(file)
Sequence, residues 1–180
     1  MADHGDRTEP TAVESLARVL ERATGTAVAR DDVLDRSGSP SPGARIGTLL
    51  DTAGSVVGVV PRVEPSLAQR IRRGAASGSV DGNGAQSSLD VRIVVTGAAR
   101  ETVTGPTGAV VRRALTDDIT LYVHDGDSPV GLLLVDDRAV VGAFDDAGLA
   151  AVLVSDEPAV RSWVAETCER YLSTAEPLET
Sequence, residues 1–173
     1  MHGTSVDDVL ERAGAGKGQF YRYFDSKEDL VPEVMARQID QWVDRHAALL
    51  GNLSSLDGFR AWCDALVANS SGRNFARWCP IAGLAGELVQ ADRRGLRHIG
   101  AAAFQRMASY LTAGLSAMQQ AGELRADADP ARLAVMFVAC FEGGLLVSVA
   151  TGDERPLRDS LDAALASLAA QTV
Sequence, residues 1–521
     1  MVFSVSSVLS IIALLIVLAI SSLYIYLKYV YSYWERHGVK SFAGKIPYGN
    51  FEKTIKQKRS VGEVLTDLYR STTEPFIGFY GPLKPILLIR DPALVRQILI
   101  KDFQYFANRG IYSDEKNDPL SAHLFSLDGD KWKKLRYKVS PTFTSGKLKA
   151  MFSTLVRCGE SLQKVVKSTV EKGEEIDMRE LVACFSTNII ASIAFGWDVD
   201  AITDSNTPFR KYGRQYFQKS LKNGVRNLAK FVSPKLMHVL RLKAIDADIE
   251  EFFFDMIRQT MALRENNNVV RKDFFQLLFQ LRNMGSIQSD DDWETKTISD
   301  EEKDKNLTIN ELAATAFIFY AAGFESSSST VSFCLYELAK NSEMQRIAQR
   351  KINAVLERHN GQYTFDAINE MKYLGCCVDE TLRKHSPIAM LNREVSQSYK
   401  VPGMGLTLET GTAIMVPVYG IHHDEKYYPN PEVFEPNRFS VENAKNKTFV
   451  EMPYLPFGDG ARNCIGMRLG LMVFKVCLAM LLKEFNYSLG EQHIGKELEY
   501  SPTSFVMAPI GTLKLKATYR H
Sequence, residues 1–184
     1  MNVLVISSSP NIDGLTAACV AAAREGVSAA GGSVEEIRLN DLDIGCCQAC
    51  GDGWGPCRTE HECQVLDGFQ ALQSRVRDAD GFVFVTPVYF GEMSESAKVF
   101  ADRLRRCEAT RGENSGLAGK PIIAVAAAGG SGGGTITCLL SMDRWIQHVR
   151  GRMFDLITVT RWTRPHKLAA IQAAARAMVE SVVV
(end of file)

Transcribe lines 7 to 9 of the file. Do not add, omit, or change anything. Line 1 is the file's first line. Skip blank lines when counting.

     1  MHGTSVDDVL ERAGAGKGQF YRYFDSKEDL VPEVMARQID QWVDRHAALL
    51  GNLSSLDGFR AWCDALVANS SGRNFARWCP IAGLAGELVQ ADRRGLRHIG
   101  AAAFQRMASY LTAGLSAMQQ AGELRADADP ARLAVMFVAC FEGGLLVSVA